Nursing staff at the HD centers, serving as gatekeepers, facilitated access to the study environments and participants. These gatekeepers took charge of initially screening potential participants to assess their interest in joining the study. Eligible patients were then referred to the researcher by these gatekeepers. The researcher subsequently provided these patients with an invitation letter, an information sheet, and a consent form. Patients had a 48-h period to express their willingness to participate in the study. Following their agreement, the questionnaires were distributed for them to complete.

2.3 Data collection tools

Besides the questionnaire used to collect socio-demographic data such as age, gender, marital status, occupation, and level of education, data were collected using three tools. The first tool was the Pittsburgh Sleep Quality Index (PSQI), which was used to assess sleep quality in HD patients (Buysse et al., 1989). Subjective sleep quality, sleep latency, sleep length, habitual sleep efficiency, sleep disruptions, use of sleep medicines, and daytime dysfunction were the seven components of this tool. It consisted of 19 questions with a possible score range of 0 to 21. A lower score denotes average sleep quality, while a higher score denotes poor sleep quality. Patients with a PSQI global score of 5 or more were considered to sleep poorly, while those with a score of less than 5 were considered to sleep normally (Buysse et al., 1989; Amare et al., 2022).

The second tool was the Arabic version of the Multidimensional Assessment of Fatigue (MAF), which was used to assess the level of fatigue among HD patients. It included 16 items to measure four domains of fatigue: severity, discomfort, timing, and effect on daily activities. The first 14 items were scored on a scale of 1 (Not at all) to 10 (A great deal), while the last two items were scored on a 4-point Likert scale. The possible MAF scores ranged from 1 (no fatigue) to 50 (severe fatigue). Fatigue was divided into two categories: low fatigue (scores 1 to 25) and high fatigue (scores 26 to 50). Permission to use the Arabic version of MAF was granted by the Mapi Research Trust. The tool’s validity and reliability have been reported in a variety of languages, diseases, and settings across the world (Belza et al., 2018).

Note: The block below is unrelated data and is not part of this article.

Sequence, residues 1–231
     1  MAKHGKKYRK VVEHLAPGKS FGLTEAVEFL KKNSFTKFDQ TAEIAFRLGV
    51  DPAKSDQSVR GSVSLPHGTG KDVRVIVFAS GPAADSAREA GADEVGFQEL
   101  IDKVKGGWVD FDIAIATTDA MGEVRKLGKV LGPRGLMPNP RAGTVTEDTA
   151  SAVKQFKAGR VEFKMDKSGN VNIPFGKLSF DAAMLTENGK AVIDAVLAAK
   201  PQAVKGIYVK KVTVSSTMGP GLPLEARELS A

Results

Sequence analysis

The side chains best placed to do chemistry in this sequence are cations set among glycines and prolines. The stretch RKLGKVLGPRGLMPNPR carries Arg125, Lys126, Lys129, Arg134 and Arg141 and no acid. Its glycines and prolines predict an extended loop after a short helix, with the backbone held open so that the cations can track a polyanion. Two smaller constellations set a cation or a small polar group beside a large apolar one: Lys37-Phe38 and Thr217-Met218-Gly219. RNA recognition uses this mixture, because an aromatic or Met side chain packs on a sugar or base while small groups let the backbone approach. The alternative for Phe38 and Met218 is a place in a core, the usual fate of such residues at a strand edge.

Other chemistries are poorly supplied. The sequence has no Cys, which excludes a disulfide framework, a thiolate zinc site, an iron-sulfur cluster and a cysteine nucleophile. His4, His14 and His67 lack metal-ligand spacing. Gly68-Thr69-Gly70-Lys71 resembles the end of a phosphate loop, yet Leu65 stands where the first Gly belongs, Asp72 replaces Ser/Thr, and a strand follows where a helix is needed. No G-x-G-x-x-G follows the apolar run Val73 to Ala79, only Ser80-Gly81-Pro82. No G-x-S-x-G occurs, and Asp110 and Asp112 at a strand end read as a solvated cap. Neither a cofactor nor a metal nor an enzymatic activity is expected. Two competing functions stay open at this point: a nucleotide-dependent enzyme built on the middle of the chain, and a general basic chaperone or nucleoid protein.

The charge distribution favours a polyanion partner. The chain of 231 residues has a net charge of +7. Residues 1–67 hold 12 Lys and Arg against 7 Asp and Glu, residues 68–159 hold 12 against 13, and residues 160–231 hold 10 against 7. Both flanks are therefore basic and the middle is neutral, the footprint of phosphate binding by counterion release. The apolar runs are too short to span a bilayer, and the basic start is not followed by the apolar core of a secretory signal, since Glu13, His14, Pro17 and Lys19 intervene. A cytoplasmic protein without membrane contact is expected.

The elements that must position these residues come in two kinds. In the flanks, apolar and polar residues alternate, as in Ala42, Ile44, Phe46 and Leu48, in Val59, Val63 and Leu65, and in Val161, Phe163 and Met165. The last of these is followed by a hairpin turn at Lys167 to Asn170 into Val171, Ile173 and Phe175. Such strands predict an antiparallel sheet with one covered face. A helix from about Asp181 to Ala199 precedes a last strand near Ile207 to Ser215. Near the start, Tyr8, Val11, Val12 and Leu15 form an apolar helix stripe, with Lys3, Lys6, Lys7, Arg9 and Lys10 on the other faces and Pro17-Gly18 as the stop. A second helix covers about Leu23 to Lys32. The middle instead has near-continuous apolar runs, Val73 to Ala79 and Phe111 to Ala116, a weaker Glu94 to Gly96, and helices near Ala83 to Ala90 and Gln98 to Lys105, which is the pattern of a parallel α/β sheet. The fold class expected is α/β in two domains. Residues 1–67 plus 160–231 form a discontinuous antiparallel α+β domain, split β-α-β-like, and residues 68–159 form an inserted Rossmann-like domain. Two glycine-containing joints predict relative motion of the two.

The third tool was the Oslo Social Support Scale (OSSS-3), which was used to assess the level of social support (Kocalevent et al., 2018). It included three questions: “How many people are so close to you that you can count on them if you have great personal problems?,” “How much interest and concern do people show in what you do?,” and “How easy is it to get practical help from neighbors if you should need it?.” The total OSSS-3 score ranged from 3 to 14, with high scores signifying great levels of social support and low scores signifying weak levels. Social support was then divided into three categories: poor (scores 3 to 8); moderate (scores 9 to 11) and strong (scores 12 to 14) (Kocalevent et al., 2018; Zhu et al., 2023). The researchers subjected the three tools for the cultural adaptation and validation in the context of Saudi Arabian HD patients which includes translation of the items from English to Arabic, review and refinement, and pilot testing for 20 patients who were not involved in the study. The results of the reliability of the PSQI, MAF, and OSSS-3 questionnaires were α = 0.724, 0.883, 0.925, respectively The adaptation and validation results suggest that the tools were reliable, valid, and sensitive for establishing the measures of the three tools. Further, the researchers compared the cultural equivalence of the tools from the data gathered from the HD patients in Saudi Arabia with the data from other populations. Hence, it can be concluded that PSQI, MAF, and OSSS-3 are culturally appropriate and valid comparable with the original version. Such a result can be used to help in measuring support services and interventions for HD patients in Saudi Arabia.